MADISON (WKOW) -- Democrats introduced a series of new bills Thursday targeting police and justice reform.
Rep. David Bowen's (D-Milwaukee) "Enough is Enough" package consists of twelve bills. They focus on reshaping law enforcement training and policies as well as enhancing accountability and transparency.
Measures included in the "Enough is Enough" package:
- Require a first aid curriculum for departments and 24 hours of first aid training for law enforcement officers
- Prohibit collective bargaining units from bargaining for the reversal of a police chief's decision to fire an officer
- Require law enforcement agencies to provide officers with an information card including name, badge number, and their supervisor's telephone number
- Require a 2/3 majority vote by the Fire and Police Commission to overrule a disciplinary decision, instead of a simple majority
- Prevent investigators employed at an agency within the last ten years from investigating an officer-involved death within that agency
- Require the district attorney report officer-involved deaths to a special prosecutor appointed by a court
- Create a grant program for law enforcement agencies to incorporate a pre-arrest risk assessment tool into arrest practices
- Update use-of-force policy language and prohibit disciplining any officer who reports a violation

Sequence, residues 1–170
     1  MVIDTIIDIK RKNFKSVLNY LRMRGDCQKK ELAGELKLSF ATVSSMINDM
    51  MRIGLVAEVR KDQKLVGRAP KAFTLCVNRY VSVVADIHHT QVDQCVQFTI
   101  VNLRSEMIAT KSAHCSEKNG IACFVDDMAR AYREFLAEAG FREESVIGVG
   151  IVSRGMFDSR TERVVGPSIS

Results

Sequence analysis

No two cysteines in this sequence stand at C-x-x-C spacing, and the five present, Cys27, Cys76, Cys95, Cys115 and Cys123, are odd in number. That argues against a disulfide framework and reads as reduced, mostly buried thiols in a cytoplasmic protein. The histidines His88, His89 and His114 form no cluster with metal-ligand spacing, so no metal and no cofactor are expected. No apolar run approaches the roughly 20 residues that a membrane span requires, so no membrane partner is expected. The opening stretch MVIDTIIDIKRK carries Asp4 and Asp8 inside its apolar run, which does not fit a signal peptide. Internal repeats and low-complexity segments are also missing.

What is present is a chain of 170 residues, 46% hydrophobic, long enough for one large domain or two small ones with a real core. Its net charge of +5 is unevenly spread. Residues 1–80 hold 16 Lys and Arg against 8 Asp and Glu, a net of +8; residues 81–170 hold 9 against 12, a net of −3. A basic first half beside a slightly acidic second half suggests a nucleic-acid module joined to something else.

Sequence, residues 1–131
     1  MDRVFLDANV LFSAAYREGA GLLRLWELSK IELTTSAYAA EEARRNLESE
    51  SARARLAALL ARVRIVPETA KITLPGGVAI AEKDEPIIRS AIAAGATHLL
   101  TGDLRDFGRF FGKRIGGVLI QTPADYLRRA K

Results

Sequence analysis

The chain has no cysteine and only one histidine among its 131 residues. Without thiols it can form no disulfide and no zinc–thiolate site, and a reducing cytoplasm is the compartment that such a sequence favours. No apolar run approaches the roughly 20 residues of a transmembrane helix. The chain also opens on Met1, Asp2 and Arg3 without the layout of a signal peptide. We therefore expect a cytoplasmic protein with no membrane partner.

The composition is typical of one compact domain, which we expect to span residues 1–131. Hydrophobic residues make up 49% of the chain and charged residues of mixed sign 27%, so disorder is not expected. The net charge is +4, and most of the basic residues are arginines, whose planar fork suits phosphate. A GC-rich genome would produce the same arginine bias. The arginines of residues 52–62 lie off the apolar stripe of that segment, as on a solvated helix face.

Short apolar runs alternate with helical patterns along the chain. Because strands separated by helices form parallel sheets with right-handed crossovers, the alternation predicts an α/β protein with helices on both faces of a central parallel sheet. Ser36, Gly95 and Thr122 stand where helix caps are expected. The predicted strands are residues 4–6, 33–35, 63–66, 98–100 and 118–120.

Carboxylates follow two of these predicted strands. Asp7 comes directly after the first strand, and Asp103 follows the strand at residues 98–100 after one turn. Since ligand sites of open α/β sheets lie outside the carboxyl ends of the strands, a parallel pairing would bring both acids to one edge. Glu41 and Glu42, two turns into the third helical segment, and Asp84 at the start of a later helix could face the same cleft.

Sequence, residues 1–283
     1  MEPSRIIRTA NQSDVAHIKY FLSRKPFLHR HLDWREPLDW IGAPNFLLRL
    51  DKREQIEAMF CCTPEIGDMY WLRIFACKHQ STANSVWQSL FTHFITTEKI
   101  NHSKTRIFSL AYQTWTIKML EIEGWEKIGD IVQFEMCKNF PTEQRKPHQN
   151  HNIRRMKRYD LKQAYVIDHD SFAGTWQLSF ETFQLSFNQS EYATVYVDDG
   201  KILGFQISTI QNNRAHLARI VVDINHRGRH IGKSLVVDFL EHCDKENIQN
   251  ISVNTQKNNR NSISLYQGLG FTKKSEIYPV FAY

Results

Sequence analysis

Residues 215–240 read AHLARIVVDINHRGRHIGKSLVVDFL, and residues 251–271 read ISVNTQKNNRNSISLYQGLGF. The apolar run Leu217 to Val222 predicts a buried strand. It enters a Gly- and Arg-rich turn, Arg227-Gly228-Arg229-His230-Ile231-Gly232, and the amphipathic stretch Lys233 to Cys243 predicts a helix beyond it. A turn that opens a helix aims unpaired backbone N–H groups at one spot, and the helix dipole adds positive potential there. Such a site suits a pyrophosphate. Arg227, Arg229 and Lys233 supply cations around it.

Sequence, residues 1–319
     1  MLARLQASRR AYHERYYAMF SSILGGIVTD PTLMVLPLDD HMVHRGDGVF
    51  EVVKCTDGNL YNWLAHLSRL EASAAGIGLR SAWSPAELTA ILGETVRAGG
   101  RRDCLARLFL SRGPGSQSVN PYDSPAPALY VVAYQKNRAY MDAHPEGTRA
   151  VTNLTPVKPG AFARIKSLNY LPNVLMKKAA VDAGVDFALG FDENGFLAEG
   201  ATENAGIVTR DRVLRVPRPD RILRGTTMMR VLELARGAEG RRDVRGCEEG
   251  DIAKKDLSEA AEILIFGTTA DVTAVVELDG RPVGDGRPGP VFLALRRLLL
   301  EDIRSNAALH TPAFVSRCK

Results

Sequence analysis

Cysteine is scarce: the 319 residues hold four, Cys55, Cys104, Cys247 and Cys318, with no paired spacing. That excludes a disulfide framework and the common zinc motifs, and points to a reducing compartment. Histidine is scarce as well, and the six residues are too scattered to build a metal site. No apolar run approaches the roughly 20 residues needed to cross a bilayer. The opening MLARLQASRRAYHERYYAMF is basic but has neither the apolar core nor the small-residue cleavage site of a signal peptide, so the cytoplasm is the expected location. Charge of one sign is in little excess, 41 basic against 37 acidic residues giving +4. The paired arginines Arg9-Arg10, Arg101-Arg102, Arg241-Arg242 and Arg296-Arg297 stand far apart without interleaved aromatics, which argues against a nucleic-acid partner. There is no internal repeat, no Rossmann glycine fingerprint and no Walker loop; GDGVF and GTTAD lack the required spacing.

- Require the Department of Justice to release an annual report on use-of-force incidents
- Require officers to complete 8 hours of training a year on use-of-force and de-escalation options
- Require the Department of Health Services to create a grant program for cities and counties for conducting violence prevention programs
- Prohibit dehumanizing "warrior-style" training for law enforcement officers
Bowen was joined by Rep. Francesca Hong (D-Madison) as well as activists from the People's Revolution in Milwaukee.
Activist Rebecca Burrell served on the Speaker's Task Force co-chaired by Rep. Sheila Stubbs (D-Madison) and Assembly Majority Leader Jim Steineke (R-Kaukauna), attended the press event for Bowen's bills.
Burrell, who objected to several of the recommendations the task force eventually made, said Thursday the bills either introduced or passed so far was insignificant.
"I will not settle for scraps," Burrell said.
Sen. LaTonya Johnson (D-Milwaukee) said she voted for four of the five bills that cleared the Senate because they were measures that made improvements while having the necessary bipartisan support to pass a legislature controlled by Republicans in both chambers.
"Getting anything through that Republican majority as a Democrat, you are going to have to make some huge sacrifices," Johnson said. "Are those the bills that would be passed if Democrats or individuals of color had their way? I think we can honestly say no they are not."